It is perhaps unfortunate that I grew up in a family with no real strong Easter traditions. Oh sure, we’d decorate the Easter eggs with toxic store-bought dye, and we’d wake up Easter morning to find baskets containing about three pieces of candy and 7,000 strands of that annoying plastic “grass,” which my mom would wind up pulling out of the vacuum cleaner every day until Halloween, and we’d have ham for dinner, but that’s about it. I certainly understood and appreciated the religious significance of Easter, but tradition-wise, it didn’t hold much for me.
What this means is that I have few vivid Easter memories, particularly since I’ve been away from home and am doing even less in the tradition department.
I only have one real college Easter memory, and it’s Easter 1993. I was a freshman living in Deseret Towers (motto: “Enjoy the Convenience of Our Two Elevators, One of Which is Not Working”), and as such I did a lot of freshman-type things. I ran past the statue of Brigham Young to see if there really is an optical illusion of him wiggling his legs (answer: no); I helped fill a friend’s dorm room from floor to ceiling with crumpled-up newspaper; I successfully dared a guy to run around naked on another floor of the dorm. I was gloriously and unabashedly a freshman.
Unfortunately, being a freshman also meant not having any money, so I never got a haircut. Haircuts cost money, you know. But around springtime, I was getting desperate, and I learned of a fellow who lived one floor above me who said he would cut people’s hair. We’ll call him Bob (not his real name), and while I didn’t really know him, I agreed to let him cut my hair. This turned out to be the worst decision that anyone has ever made in the history of mankind.
There were many warning signs that I should have seen. First of all, it was a warm spring day, so Bob chose to take his shirt off when he cut my hair. Never go to a shirtless barber, that’s my new haircut rule.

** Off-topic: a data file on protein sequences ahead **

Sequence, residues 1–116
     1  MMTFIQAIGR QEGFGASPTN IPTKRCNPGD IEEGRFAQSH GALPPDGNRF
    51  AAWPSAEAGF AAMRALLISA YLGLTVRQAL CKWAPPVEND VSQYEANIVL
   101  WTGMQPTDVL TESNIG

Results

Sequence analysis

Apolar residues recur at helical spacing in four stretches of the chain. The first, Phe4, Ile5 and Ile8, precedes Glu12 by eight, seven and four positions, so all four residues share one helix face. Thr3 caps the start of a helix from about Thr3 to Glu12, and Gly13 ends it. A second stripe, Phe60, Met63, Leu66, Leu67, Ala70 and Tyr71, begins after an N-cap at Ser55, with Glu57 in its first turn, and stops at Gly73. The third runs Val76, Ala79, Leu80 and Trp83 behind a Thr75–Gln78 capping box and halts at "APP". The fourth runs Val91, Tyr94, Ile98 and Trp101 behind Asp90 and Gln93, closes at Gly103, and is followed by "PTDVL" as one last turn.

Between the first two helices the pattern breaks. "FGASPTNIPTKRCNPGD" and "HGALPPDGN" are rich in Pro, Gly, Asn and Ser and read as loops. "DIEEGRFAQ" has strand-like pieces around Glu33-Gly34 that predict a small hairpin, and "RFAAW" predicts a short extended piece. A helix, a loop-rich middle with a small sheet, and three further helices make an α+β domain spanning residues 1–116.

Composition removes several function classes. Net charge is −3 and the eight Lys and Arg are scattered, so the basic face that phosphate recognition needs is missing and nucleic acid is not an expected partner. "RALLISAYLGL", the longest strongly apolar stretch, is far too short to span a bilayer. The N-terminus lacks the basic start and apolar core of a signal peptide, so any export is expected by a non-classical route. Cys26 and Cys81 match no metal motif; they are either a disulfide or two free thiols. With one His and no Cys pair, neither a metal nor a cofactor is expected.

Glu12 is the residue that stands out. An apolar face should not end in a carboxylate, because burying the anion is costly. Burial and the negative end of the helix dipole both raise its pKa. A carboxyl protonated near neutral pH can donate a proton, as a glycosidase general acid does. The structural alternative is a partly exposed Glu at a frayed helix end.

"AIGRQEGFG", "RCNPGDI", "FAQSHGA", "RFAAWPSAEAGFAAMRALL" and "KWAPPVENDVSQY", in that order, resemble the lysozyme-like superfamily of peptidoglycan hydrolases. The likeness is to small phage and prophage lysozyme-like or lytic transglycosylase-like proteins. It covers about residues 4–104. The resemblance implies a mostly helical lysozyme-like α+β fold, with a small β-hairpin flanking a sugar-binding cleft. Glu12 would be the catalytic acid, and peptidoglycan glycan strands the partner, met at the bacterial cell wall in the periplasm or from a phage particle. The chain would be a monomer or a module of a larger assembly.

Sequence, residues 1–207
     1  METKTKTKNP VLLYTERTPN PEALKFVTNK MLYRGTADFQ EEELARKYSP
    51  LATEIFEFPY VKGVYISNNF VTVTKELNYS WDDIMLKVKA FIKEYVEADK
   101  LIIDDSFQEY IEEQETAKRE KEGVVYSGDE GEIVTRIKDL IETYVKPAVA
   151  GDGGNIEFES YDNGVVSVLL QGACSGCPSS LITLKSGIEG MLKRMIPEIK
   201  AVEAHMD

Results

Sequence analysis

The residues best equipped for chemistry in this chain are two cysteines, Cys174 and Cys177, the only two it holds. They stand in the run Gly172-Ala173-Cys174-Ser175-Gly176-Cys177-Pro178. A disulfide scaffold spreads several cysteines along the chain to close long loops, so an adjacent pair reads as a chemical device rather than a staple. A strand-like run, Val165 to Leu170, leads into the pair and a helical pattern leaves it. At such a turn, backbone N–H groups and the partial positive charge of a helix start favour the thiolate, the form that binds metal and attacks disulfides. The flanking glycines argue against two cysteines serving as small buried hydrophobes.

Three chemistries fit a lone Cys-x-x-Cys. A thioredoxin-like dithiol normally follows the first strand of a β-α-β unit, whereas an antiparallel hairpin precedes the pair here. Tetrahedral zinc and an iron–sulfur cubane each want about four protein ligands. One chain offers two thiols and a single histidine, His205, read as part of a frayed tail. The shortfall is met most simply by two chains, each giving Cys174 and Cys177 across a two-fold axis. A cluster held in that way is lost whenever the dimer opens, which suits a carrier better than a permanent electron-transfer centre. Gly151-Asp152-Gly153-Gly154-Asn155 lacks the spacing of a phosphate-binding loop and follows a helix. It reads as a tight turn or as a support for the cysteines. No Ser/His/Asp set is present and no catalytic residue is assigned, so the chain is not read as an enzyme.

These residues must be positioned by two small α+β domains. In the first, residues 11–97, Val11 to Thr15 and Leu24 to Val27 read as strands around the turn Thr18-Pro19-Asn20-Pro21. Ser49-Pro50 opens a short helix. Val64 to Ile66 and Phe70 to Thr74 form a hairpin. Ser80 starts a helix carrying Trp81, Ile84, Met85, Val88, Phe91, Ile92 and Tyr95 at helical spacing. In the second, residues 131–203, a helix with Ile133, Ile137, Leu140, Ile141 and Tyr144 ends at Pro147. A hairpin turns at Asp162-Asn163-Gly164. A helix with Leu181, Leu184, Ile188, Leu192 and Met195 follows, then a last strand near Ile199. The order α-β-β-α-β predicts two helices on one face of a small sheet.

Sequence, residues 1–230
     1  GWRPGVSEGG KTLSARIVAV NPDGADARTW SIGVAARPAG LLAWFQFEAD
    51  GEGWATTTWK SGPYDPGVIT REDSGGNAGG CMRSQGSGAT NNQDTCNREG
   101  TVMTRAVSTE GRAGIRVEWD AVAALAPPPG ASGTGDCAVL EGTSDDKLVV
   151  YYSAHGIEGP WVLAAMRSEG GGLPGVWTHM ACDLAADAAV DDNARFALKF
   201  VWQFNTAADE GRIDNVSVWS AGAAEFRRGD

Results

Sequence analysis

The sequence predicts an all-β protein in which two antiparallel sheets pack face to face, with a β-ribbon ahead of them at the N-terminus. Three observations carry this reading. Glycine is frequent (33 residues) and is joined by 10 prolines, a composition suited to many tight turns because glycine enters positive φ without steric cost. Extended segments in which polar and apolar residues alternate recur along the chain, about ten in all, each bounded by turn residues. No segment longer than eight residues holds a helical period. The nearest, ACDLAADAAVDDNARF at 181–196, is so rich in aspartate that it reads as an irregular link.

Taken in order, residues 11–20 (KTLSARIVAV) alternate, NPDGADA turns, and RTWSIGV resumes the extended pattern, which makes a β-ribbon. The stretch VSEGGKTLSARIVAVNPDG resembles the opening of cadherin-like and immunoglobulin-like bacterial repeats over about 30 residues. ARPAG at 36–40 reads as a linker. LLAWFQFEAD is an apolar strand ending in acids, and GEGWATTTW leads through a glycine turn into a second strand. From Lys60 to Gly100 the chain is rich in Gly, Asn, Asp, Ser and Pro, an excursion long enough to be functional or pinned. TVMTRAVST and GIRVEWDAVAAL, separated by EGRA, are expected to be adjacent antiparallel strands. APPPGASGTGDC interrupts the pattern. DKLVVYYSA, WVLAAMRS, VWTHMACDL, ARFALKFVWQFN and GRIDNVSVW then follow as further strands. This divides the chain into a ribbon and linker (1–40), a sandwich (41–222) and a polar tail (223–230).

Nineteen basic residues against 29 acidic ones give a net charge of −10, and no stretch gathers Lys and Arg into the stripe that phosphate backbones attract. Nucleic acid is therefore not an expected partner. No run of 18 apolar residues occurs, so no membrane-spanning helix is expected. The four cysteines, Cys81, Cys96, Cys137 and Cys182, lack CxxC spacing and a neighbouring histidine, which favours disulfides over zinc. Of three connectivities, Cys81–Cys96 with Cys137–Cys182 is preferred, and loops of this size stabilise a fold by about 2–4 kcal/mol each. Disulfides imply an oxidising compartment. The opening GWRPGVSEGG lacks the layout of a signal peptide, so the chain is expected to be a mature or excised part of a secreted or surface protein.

Second, I observed that Bob had a Band-Aid on one of his fingers, having recently cut himself with his own scissors. Never go to a shirtless barber who cuts his own fingers, that’s the corollary to my haircut rule.
When it was all over, my head looked like it had been attacked by something. I left. I didn’t know what to do. I wandered the gray city streets, stumbling from alley to alley, a hat on my head and a coat pulled up over my face. I searched for meaning in my life. I had some ice cream. Finally I decided: I would shave my head and start over! It would be like repentance. You make a mistake, it screws everything up, you repent and SWISH! The slate is wiped clean, and you begin anew.
My head would be like my soul, damaged by the careless haircutting of sin, and then washed clean by the clippers of repentance and the sideburn trimmers of forgiveness. My head would be a new man.
Excited over my new-found optimism, I hurried back to the dorms and asked Bob if I could borrow his clippers. He probably wondered what for, but I didn’t give him time to ask many questions. I enlisted the aid of my friends, who, as good friends always are, were more than willing to help me on the long, painful road back to full fellowship in the world of hair. They took turns shaving various parts of my skull, until we had developed quite a nice Mohawk.
Then we had an idea: Let’s keep the Mohawk for a while and frighten people with it. I thought this was a fine idea. We cleaned it up and made it look nice, and then we dressed me up in a leather jacket, no shirt, blue jeans, and some cool-looking little round glasses. We called the girls’ dorm and told them to come downstairs and see me. They gave me the sort of squeal-filled shock/admiration that freshman men so desperately covet. It was GREAT.